Tag Archives: organic

Eight Cheeses in One Day…

I love my Fromage Friday adventures but have to admit I’ve been getting impatient. There are so many cheeses I’ve heard about and want to try but there are only so many cheese purchases my hips and thighs can tolerate in one week. A tasting at Leadenhall Cheese back in July introduced me to some new cheeses in more pocket-size portions and so when I saw an event advertised at one of my local delicatessens, Cannon and Cannon, I jumped at the chance (and then did a few more star-jumps, just to build up a nice calorie deficit to be filled by cheese).
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Mex in the City: Gringa Dairy

Since starting this blog, I’ve been looking forward to meeting my first proper cheese-maker. Whenever I imagined it, I was usually welly-clad in a field, perhaps with the early morning mist floating over the grass as some cows lumbered into the dairy. It’s fair to say that my fromager fantasies didn’t look much like this:


Looking more Albert Square than Ambridge, Gringa Dairy is situated under a railway arch in Peckham, South London. Peckham has a reputation for being bad-ass rather than bucolic but, beyond the ‘don’t go there or you’ll get stabbed’ tabloid headlines, it boasts an eclectic food scene that encompasses events like KERB, restaurants like Peckham Refreshment Rooms and producers such as new craft brewers Brick. Another new kid on the block, Gringa Dairy was founded by American Kristen Schnepp and makes artisan Mexican cheese.
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Alham Wood Junas

Mention British farm animals to most people and they’ll conjure up an image of green fields trimmed with hedgerows, black and white cows grazing the grass and chewing the cud. Or maybe fluffy sheep cropping the sparse vegetation on a mountainside. At a push, perhaps some cheeky goats in their perennial eating-the-washing-line stance. What they probably won’t come up with is a herd of black water buffalo, great horns curling over their horizontal ears. But that’s exactly where this week’s cheese comes from. And the buffalo aren’t paddling in the floodplains of Pakistan or India; they’re grazing the pastures of Somerset.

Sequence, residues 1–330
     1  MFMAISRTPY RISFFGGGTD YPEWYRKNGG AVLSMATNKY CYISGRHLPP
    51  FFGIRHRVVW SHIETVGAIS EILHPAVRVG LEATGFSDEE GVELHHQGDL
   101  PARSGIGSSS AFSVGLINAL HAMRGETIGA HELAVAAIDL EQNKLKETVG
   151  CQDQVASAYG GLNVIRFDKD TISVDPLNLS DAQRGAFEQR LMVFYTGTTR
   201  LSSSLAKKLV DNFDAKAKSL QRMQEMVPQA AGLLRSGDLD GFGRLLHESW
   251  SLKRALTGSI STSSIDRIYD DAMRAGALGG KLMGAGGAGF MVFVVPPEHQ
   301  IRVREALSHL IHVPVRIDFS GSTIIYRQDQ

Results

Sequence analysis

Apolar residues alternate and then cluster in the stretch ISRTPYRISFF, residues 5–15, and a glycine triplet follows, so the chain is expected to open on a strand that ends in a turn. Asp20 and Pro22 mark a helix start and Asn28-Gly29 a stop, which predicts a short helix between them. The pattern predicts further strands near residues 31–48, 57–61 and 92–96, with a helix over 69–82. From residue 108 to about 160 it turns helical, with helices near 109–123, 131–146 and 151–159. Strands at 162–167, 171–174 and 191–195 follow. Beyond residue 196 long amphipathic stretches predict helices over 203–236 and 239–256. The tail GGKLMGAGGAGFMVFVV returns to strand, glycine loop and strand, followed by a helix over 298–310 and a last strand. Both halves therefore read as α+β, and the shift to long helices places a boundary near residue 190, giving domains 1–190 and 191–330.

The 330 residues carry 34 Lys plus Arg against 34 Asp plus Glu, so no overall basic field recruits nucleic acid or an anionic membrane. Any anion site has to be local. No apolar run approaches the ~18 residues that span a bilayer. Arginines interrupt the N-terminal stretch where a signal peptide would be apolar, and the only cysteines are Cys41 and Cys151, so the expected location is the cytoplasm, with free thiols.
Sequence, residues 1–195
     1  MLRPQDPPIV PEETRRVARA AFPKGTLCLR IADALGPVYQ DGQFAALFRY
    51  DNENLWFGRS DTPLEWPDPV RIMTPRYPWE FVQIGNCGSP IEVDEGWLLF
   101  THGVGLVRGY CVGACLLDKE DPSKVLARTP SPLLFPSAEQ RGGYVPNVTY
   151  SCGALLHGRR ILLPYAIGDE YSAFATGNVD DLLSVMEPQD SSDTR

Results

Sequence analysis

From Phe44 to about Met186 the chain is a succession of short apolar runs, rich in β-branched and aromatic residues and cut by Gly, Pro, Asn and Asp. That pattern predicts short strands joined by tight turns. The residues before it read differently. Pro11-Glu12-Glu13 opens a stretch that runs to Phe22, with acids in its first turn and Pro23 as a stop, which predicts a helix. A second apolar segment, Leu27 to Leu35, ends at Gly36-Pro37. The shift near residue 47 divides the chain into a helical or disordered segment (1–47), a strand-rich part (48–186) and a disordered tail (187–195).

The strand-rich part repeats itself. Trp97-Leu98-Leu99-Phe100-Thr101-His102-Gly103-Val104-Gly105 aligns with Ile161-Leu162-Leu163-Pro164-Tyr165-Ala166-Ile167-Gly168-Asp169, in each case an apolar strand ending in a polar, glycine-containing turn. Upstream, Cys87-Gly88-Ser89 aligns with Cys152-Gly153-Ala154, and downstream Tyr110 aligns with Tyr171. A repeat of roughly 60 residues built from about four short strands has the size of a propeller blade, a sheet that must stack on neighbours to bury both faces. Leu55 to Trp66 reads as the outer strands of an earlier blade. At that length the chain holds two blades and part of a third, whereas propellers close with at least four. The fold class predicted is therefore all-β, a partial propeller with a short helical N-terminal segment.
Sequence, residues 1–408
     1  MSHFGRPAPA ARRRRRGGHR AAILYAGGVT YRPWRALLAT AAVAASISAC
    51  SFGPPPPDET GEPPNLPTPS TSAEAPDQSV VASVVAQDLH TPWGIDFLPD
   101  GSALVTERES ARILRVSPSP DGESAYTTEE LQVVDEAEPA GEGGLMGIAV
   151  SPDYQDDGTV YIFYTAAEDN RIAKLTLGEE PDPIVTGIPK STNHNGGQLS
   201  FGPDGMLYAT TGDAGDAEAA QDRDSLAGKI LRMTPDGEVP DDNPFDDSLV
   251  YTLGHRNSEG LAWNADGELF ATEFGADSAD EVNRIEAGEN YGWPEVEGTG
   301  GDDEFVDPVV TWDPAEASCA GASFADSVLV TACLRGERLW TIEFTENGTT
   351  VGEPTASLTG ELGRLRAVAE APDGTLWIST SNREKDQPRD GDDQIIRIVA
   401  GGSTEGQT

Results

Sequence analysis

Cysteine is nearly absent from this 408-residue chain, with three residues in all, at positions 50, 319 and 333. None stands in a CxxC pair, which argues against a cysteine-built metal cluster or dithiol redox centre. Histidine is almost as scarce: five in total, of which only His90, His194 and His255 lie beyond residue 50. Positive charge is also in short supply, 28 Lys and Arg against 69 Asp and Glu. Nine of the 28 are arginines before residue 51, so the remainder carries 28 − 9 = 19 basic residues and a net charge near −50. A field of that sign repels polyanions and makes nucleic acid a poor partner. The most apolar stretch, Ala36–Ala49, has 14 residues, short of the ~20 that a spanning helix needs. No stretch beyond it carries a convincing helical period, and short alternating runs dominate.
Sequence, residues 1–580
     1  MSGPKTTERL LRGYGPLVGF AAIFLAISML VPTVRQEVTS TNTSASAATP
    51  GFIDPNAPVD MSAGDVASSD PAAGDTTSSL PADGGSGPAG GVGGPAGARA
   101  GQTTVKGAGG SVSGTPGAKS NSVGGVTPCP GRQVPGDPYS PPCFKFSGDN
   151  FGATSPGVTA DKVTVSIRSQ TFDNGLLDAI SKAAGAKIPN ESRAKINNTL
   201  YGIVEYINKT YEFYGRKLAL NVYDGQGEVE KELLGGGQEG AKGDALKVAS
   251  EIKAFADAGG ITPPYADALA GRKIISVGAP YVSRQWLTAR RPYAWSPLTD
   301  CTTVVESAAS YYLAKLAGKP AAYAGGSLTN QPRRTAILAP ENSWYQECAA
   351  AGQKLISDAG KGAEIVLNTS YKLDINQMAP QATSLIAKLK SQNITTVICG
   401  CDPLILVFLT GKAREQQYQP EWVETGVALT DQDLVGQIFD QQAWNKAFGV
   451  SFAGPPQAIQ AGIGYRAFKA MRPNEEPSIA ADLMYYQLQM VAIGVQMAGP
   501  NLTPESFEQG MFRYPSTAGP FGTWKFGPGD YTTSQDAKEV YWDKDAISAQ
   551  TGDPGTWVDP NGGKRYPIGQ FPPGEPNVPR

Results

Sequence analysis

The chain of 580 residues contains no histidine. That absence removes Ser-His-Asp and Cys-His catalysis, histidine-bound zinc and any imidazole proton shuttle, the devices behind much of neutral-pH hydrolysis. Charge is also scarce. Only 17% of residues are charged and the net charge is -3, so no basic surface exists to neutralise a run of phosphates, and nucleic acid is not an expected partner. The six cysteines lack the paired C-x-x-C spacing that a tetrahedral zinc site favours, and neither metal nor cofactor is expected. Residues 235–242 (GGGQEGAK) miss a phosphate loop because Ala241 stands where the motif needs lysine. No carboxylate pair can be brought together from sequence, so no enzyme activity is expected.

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Perl Wen

I’m a recent convert to Caerphilly (or Caerfilli as I now realise it should be called) and a long-time snaffler of Brie and so when I saw Pong describe a cheese as the ‘organic lovechild of a Caerphilly and a Brie’ I knew I had to hunt it down and make it mine. That cheese is Perl Wen and here it is, looking all creamy and lovely and a bit gooey around the edges:

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Bath Soft Cheese

Perhaps it’s just me but when I think of historical British cheeses, it’s the hard ones that spring to mind: Cheddar, Cheshire, the crumblies – Caerphilly and Wensleydale. And I confess that when I first saw a piece of Bath Soft Cheese, I thought, ‘Oh hello, here’s one we pilfered from the French.’ But actually I couldn’t have been more wrong, as whilst Bath Soft Cheese certainly looks a bit on the Gallic side, it turns out to have a British pedigree stretching back centuries.
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